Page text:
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March 1994


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Potter Palmer <[log in to unmask]>
Reply To:
Film and TV Studies Discussion List <[log in to unmask]>
Mon, 28 Feb 1994 21:14:00 PST
text/plain (27 lines)
Well let's bring this topic of conversation further into the realm of repre-
sentation. Picking up Alison's and Kelley's melodramatic strains, I read a very
interesting article which aligned the Kerrigan/Harding scenario with a classic
soap (melodramtic) narrative structure. On the one hand you have the good woman
(ummmm, Kerrigan I guess) and on the other you have the bad woman (Harding).
The plot begins when the bad woman acts a disruptive force upon the steady and
contentive state of the good woman. Obviously what follows is a form of comp-
etition in which the bad woman plots and schemes to bring about the fall of the
good woman (think of Dynasty).
Not only has the media constructed the events to conform to a familiar soap-
like narrative structure but the marketing and "telling" of this narrative has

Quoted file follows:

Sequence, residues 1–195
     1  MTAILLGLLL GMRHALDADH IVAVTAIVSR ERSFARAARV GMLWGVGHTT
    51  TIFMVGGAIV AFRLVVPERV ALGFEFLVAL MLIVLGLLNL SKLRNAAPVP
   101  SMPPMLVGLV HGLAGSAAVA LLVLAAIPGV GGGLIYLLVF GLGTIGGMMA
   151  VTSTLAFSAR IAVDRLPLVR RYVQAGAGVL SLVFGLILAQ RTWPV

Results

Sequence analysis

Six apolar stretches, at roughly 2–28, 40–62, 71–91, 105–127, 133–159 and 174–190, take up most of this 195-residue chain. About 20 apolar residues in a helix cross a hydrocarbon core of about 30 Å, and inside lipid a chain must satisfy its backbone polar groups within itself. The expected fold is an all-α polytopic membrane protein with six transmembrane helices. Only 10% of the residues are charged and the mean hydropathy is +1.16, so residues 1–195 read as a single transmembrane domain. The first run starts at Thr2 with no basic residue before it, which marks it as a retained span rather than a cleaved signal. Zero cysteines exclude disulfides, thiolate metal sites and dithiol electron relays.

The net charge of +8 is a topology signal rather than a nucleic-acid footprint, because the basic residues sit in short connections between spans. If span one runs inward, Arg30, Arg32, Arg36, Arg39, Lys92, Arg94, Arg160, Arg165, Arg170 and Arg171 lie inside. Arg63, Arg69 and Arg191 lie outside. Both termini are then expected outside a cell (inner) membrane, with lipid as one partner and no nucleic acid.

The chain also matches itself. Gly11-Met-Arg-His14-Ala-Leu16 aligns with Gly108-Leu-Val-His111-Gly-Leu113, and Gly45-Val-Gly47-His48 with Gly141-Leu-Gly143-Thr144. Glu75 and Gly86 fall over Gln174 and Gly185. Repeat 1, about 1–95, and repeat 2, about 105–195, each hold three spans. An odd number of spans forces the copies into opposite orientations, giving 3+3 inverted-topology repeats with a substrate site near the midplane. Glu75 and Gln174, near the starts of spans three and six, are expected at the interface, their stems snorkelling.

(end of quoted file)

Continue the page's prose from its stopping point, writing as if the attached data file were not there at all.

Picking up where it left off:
been soap-like with its daily installments updating the latest developments --
people getting their "daily fix."
I also think that we would be remiss if we did not address the class issue here
Clearly Kerrigan has been represented as coming from and representing upper-
class values, while Harding has been represented as "white trash". Hence, Kerr-
igan is allowed to become "America's Darling" while Harding is not.
And a final note, did anyone else notice similarities in the way in which
Harding and Michael Jackson both "worked" the press. It seems to me that
Harding (and her attorneys) learned well from Jackson: play yourself as sweet,
innocent and as a martyr.
Potter Palmer, UCLA ([log in to unmask])